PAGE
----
This blog post will tie in nicely with what I blogged on earlier today about composite endpoints. Read that post first before reading this.
Today I received my e-table of contents from JAMA and read a study on the of Effect of Corticosteroids on Treatment Failure Among Hospitalized Patients With Severe Community-Acquired Pneumonia and High Inflammatory Response. The primary outcome of the study was “treatment failure (composite outcome of early treatment failure defined as  clinical deterioration indicated by development of shock,  need for invasive mechanical ventilation not present at baseline, or  death within 72 hours of treatment; or composite outcome of late treatment failure defined as  radiographic progression,  persistence of severe respiratory failure,  development of shock,  need for invasive mechanical ventilation not present at baseline, or  death between 72 hours and 120 hours after treatment initiation; or both early and late treatment failure).”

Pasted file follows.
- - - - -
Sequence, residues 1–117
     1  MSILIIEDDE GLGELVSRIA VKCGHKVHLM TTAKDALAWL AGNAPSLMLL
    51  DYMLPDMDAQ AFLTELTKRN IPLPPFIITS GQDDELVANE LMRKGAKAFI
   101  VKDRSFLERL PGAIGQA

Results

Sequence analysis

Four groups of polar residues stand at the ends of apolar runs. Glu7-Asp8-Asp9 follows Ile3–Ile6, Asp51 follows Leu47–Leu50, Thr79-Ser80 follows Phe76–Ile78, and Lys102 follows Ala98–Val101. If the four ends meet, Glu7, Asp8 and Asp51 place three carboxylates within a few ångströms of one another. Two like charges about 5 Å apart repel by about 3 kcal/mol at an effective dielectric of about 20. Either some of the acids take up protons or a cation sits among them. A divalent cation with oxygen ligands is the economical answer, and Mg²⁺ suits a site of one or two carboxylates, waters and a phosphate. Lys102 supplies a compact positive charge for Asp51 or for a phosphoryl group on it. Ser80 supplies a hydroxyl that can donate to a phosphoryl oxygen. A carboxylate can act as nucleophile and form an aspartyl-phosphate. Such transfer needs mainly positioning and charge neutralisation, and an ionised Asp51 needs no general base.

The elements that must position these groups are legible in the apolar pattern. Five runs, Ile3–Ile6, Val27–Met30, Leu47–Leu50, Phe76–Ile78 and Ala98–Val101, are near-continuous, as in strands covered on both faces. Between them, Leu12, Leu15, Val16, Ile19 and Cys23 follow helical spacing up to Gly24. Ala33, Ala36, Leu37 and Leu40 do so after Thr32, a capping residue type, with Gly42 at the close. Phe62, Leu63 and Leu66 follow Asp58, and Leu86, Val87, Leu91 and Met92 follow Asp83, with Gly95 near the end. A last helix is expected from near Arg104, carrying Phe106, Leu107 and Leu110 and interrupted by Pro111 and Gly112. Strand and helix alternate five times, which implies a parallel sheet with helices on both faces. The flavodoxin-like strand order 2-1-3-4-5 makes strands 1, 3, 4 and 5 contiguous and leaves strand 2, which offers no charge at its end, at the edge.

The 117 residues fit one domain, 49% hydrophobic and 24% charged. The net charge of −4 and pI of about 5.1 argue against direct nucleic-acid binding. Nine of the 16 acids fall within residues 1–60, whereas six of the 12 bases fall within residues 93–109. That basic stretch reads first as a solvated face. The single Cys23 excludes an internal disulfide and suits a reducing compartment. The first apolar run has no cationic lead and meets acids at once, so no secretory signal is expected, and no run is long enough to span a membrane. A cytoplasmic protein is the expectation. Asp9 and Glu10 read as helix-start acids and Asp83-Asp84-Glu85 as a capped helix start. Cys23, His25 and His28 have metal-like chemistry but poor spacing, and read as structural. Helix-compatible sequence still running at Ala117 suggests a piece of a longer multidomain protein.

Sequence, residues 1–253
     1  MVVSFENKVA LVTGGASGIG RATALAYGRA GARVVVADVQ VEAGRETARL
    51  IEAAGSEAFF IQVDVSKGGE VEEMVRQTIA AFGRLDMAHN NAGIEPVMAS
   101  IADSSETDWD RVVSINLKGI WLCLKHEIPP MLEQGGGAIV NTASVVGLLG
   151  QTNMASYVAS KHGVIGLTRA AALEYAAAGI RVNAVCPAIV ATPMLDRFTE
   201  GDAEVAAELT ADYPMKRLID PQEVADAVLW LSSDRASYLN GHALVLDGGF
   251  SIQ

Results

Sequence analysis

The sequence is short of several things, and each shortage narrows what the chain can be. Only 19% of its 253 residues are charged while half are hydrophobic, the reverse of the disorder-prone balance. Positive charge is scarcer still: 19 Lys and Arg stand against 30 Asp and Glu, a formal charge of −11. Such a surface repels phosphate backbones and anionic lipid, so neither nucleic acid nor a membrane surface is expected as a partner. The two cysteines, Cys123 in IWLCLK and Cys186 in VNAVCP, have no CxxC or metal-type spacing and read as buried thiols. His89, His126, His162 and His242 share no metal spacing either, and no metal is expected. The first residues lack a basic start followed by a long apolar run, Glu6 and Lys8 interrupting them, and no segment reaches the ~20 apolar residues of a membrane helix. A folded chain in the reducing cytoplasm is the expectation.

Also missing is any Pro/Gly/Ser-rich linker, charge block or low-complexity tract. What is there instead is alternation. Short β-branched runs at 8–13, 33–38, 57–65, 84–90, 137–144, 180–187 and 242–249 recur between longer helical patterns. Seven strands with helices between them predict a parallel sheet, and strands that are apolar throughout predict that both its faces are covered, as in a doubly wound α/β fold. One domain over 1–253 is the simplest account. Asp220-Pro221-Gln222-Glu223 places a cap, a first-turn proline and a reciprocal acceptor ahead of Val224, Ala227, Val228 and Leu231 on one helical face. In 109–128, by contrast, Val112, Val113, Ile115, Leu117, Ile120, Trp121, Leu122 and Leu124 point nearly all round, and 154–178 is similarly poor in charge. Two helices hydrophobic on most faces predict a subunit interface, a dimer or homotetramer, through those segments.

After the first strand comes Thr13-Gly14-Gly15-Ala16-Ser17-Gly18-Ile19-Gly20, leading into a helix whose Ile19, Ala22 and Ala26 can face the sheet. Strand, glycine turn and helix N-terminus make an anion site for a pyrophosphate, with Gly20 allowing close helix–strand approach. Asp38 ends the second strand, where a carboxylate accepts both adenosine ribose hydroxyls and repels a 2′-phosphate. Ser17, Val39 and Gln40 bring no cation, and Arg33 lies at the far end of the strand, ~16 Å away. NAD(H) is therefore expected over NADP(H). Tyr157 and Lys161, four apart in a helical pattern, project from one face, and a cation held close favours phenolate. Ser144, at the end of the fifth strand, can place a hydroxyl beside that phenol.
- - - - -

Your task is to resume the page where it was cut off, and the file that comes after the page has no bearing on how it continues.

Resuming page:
The authors make a bold statement:
“The results demonstrated that the acute administration of methylprednisolone was associated with less treatment failure…”
I find this statement (from the 1st sentence in the discussion section) to be a vast overstatement of what they in fact found in this study. Examine the table below (I trimmed out the per-protocol analysis results) and see just what was actually reduced by steroids.
Steroids had no effect on “early treatment failure”. They significantly reduced “late treatment failure” but this was all driven by one outcome. The only thing steroids did was reduce radiographic progression. They didn’t help any other outcomes of this large composite but yet the authors make this sweeping statement of steroids being associated with less treatment failure. This demonstrates the importance of looking at the individual components of the composite and not just focusing on the overall composite result.
It also demonstrates why I don’t like to read the discussion section of a paper nor the conclusions from an abstract- you will be misled. The reviewers and editors should have toned down these conclusions as they are a gross overstatement of what was actually found.